Donald Randolph, Mitnick's attorney, confirmed his client had struck a plea deal with the U.S. attorney's office but declined to give details, according to the Associated Press.
"We don't want to say anything that would influence the court's decision," he told the AP. "We are cautiously optimistic that the court will accept this agreement."
Chris Painter, one of the attorneys prosecuting Mitnick, confirmed that a court brief in the case was filed under seal on Tuesday but declined to comment further. The story was first reported by Ziff Davis Network News and the Los Angeles Times.
The deal comes a month before Mitnick, 35, was scheduled to go on trial on charges of computer and wire fraud.
If the plea agreement is approved by U.S. District Judge Mariana Pfaelzer, Mitnick would likely receive five years in prison. Mitnick will likely receive credit for the 49 months he has already spent in jail since the FBI raided his apartment in Raleigh, North Carolina, meaning he could be released within the next year.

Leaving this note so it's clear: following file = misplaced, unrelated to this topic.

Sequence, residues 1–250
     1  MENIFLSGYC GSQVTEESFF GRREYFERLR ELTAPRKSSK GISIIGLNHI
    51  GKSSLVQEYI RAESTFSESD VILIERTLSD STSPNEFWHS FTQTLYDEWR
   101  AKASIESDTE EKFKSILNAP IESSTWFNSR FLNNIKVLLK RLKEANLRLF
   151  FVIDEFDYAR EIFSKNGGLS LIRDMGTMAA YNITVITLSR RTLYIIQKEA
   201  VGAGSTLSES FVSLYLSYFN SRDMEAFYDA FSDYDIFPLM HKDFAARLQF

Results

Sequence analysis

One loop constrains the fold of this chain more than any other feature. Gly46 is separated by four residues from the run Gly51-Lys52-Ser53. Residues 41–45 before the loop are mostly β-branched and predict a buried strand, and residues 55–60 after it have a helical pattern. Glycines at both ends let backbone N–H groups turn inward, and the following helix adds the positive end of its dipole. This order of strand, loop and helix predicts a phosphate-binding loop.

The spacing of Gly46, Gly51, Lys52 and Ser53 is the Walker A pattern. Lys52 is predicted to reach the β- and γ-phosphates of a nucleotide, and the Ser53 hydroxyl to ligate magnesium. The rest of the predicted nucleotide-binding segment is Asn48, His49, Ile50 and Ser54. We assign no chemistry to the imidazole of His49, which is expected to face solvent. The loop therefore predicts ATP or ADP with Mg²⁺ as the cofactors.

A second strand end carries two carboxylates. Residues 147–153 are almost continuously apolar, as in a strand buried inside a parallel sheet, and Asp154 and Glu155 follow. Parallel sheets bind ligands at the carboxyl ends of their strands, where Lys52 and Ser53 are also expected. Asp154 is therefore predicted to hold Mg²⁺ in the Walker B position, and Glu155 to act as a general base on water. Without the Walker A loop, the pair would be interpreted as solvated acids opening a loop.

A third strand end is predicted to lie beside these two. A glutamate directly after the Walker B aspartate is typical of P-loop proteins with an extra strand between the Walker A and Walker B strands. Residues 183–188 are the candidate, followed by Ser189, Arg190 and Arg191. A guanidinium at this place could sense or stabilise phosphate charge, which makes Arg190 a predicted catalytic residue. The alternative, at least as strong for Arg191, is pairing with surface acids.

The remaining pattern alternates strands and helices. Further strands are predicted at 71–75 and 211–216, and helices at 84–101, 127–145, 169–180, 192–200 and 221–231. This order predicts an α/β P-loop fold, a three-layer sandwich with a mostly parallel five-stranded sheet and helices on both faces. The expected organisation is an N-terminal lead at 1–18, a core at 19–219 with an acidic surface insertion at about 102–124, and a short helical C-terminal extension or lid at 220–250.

Mitnick would be required to stay away from computers for at least three years, an anonymous source told the AP.
Mitnick is accused of breaking in to numerous computer networks, accessing thousands of credit card numbers, and stealing software over a three-year period.
His capture by the FBI was the subject of the book Takedown. Since his arrest in February 1995, he has been supported by hackers across the world who claim the government has exaggerated the harm Mitnick's exploits caused.
Hackers have taken over several Web sites, including The New York Times and one devoted to former White House intern Monica Lewinsky, and have left messages in support of Mitnick.